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Personalization Means Fast Credit

We see the effects of AI on marketing as it grows more and more personalized. The data science that makes it work happens in places like Experian’s DataLabs.

Eric Haller, EVP and global head of Experian DataLabs spoke to me about using machine learning and data discovery. Experian leverages data drawn on 160 million profiles that are updated daily. That data is passed on the credit card issuers who can use it to personalize their marketing to those profiles. 

Haller explained that “unsupervised machine learning can be used for clustering and segmentations.” That means that the transactional database built up from a customer’s use of a credit card is what determine the individual’s category, rather than an a priori classification.

Building on that usage data allows marketers to design targeted offers that are “relevant” to the interests of customers as demonstrated by their previous transactions. They review “card usage to determine which merchants” would be of interest to particular customers “even if they never went there before.”

Haller offered the example of card “transaction that show” the customer is a DIYer would get promotions for stores that sell “tools, lumber or auto parts,” including “co-branded” offers between the card and such merchants  because that person has indicated that he is “likely to respond to that.”  

While Experian build out these personalized profiles, Haller says, they “don’t know the identity of these people, though the banks do.” Experian only looks “at transaction data,” while the banks issuing the cards have the ability to connection “them to individuals or small businesses.”

Experian has also built on data it has gathered about consumer preferences to develop a fast track to credit approval it calls Text for CreditTM.  In a survey they conducted, they found “12 percent of consumers said they have walked away from a purchase because it was taking too long to get approved for credit, while 16 percent have walked away because the person in front of them was applying for credit.”

To remedy the problem of sales lost due to delay, Experian developed a solution that works simply and quickly. Those who wish to apply for a store credit card or to qualify for financing for a car simply follow these steps:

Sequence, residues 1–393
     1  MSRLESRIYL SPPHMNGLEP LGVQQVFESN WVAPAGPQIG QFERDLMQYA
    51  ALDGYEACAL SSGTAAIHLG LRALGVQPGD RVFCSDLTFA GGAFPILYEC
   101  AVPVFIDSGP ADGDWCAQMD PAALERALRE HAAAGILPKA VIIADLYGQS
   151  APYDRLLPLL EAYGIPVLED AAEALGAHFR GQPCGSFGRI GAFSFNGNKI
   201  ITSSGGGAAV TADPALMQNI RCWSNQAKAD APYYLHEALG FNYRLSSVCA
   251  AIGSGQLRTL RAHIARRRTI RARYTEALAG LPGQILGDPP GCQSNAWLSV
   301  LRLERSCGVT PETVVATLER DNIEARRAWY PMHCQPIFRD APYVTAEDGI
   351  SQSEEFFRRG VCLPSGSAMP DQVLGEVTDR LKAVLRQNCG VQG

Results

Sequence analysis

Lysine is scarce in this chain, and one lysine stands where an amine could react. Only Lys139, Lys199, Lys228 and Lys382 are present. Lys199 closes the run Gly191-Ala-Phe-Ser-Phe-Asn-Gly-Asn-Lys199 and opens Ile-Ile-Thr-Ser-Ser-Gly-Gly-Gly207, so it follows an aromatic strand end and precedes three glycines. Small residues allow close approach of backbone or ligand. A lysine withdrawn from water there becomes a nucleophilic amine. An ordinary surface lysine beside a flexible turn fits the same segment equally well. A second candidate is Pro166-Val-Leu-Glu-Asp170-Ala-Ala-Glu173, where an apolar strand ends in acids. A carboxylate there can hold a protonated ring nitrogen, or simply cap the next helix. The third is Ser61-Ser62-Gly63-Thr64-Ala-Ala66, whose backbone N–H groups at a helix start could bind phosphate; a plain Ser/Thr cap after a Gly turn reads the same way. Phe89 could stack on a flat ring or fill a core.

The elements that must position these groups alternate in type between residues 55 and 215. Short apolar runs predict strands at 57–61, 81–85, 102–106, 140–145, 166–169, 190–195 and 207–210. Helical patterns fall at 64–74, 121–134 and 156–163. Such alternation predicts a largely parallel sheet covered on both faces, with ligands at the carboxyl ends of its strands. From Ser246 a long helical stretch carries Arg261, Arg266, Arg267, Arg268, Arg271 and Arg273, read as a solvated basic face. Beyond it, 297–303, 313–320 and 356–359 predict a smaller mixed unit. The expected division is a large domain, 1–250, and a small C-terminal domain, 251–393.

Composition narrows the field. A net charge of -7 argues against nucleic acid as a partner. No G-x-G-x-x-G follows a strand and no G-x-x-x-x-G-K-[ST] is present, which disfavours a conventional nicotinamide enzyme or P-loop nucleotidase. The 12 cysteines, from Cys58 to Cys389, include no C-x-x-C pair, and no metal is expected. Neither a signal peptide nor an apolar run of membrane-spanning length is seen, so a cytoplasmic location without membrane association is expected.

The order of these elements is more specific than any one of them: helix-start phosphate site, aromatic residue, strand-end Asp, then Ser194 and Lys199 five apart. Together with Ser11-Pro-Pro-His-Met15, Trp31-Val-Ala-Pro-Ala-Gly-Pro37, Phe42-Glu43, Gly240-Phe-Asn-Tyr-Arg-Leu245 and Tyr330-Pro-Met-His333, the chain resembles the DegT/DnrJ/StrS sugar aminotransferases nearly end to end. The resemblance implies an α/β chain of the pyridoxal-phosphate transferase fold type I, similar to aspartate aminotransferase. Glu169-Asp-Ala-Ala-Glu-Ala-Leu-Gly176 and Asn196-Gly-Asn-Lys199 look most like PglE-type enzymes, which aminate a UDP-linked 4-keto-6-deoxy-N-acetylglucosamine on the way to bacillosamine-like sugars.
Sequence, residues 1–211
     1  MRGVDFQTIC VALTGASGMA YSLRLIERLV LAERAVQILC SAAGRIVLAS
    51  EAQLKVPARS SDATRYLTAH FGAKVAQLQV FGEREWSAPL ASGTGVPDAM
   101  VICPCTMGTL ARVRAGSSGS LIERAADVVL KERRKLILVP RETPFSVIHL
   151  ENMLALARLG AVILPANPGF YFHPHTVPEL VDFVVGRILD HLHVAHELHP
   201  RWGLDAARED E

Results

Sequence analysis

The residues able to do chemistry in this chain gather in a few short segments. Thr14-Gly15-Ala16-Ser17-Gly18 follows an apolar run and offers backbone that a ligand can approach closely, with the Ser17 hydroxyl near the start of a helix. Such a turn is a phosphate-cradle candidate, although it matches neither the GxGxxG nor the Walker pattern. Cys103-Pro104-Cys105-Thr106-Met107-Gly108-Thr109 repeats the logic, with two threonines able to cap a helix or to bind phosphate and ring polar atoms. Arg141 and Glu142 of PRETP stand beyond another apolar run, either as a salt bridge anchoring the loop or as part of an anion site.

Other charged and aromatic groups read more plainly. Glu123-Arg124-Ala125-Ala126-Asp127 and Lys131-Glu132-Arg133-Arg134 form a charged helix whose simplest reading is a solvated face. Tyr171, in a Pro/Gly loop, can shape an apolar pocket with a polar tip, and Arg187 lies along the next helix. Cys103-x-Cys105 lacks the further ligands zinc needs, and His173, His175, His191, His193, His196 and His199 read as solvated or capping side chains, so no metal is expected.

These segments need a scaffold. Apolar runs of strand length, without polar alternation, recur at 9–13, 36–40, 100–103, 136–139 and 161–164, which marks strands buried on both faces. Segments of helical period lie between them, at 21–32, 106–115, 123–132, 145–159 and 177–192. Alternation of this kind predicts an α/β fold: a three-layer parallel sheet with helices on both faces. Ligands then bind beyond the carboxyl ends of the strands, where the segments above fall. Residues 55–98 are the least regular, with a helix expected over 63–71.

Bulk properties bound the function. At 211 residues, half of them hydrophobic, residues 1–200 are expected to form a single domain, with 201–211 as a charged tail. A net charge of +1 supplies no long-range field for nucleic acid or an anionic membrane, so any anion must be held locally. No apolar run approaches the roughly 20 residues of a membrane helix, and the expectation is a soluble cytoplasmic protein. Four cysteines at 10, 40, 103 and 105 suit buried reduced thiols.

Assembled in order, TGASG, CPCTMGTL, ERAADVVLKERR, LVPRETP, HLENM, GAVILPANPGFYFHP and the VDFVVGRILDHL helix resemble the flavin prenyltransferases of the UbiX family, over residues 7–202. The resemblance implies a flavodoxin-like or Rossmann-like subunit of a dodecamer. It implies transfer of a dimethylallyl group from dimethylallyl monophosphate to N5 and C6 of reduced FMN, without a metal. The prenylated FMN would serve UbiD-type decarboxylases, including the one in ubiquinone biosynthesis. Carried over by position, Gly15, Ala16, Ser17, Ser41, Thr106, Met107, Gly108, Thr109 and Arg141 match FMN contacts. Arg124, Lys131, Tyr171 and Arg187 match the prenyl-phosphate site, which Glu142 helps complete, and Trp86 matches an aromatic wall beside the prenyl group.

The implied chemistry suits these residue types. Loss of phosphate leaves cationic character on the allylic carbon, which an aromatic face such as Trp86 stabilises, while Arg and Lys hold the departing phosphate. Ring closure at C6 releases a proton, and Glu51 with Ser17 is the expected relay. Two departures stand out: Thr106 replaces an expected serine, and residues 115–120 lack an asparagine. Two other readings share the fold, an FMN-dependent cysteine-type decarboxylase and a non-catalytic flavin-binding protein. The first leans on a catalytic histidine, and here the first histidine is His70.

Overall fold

• Text a keyword such as “CREDIT” to a short code supplied by a merchant or a credit issuer, the same way some retailers now allow consumers to “text to buy”
  • Receive a text message response that takes them to a hosted website where they can apply, review credit offers, and receive an instant decision
  • Fill out minimal information (because the device credentials of their phone automatically transfers much of the data that typically has to be filled into longer credit applications).

Immediate access to the credit is given via a barcode or account details sent to their device upon approval, which should take just minutes.

As Experian explains in this video, the idea is hit the “sweet spot” for marketing by closing the deal on credit cards or financing on the spot for customers applying on their phones while in the store or on the way to the dealership.

Haller said: It takes the pain out of “that whole acquisition, provisioning, validating” process by making it “super convenient on mobile devices.” That instant and private process removes the “risk of being declined at register.” It also provides the satisfaction of curiosity at the car lot” when customers can ascertain what level of financing they qualify for “on the spot without having to go to back office and talk to loan professionals.”

 This “really puts power in the hands of the consumer,” Haller says. “That’s the magic of it.”

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